Eastern Europe is in the midst of yet another ransomware epidemic going by the name of Bad Rabbit. Several Russian, Ukrainian, Turkish, and even German-based organizations have already experienced breaches.
The first to be hit were Russian media companies Fontanka and Interfax along with Odessa International Airport in the Ukraine.
Bad Rabbit behaves in a similar way to previous ransomware outbreaks WannaCry and Petya, whereby the malicious code encrypts the end user’s data and demands a ransom fee in exchange for their data back – this is typical ransomware behavior.
What sets this particular ransomware apart from earlier attacks this year, is its spread pattern which at this stage appears to be web-based.
The attack begins with the user being redirected to a malware web resource from legitimate websites were the ransomware poses as an Adobe Flash update. The user is prompted to download a file named install_flash_player.exewhich needs to be manually launched by the target.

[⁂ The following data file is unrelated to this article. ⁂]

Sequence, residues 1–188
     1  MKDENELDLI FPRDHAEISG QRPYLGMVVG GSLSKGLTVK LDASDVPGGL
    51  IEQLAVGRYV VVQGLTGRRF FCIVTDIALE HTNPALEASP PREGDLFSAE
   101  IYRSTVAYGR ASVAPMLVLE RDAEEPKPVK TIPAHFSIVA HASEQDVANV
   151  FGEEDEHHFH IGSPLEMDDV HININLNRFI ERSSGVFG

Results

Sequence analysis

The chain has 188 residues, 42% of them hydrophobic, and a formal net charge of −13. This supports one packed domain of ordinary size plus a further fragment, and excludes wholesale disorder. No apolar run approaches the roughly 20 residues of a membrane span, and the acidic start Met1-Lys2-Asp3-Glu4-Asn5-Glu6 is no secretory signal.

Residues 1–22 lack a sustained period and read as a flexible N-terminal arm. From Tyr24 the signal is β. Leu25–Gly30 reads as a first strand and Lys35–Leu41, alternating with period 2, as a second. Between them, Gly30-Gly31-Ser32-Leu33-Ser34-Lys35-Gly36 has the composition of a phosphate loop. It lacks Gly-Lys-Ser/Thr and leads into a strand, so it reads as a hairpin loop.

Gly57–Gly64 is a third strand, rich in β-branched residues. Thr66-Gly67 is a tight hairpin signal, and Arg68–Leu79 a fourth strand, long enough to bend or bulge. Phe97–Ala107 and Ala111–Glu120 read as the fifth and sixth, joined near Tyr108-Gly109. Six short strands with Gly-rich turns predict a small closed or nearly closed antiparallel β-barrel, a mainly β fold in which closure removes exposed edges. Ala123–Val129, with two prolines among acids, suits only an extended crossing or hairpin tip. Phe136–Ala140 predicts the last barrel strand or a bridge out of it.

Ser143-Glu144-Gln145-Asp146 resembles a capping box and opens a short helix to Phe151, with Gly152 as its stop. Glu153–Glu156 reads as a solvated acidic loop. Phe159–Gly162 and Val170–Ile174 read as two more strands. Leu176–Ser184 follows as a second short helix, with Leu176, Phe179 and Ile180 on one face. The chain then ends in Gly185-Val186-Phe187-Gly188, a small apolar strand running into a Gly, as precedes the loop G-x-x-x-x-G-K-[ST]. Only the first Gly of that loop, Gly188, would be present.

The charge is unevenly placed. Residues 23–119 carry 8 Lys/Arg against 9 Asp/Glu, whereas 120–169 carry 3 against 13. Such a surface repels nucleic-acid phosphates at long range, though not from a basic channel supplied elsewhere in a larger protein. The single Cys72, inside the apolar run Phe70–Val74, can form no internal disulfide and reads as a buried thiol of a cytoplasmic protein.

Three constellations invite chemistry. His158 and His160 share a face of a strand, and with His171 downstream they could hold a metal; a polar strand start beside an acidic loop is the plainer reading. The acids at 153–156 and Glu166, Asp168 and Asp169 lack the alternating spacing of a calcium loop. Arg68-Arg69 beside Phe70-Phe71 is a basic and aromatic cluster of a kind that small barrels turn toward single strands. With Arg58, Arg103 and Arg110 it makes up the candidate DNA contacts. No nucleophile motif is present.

This “defanged” URL is heavily related to the Bad Rabbit outbreak:
After the ransomware executes, the user data is encrypted and the victim is directed to a .onion Tor domain, where they are requested to pay out the sum of 0.05 Bitcoin in order to retrieve their data.
If users do not cough up the payment in a timely fashion, the fee increases. It is reported that Bad Rabbit does not wipe your data unlike other instances of ransomware.
All is not lost! There are several preventative measures that can be implemented to help mitigate this attack.
Using Next-Gen Firewalls, an organization should enforce file blocking functionality, incorporate a strong web filtering policy and ensure that their IDP/IPS updates are enabled.
At a core level, organizations should introduce critical infrastructure segregation, whereby high-value assets are protected through the use of DMZs and vLans.
From a system scope, a Solid Group Policy is essential, particularly one that exempts non-admin user accounts being able to run executable files – especially from the appdata location. A DNS blackhole should be set up for the malicious domain. Suitable end-point protection is a must along with vulnerability scanning and, last but not least, a 3-2-1 Backup policy (i.e. having at least 3 total copies of your data, 2 of which are local but on different mediums, and at least 1 copy offsite).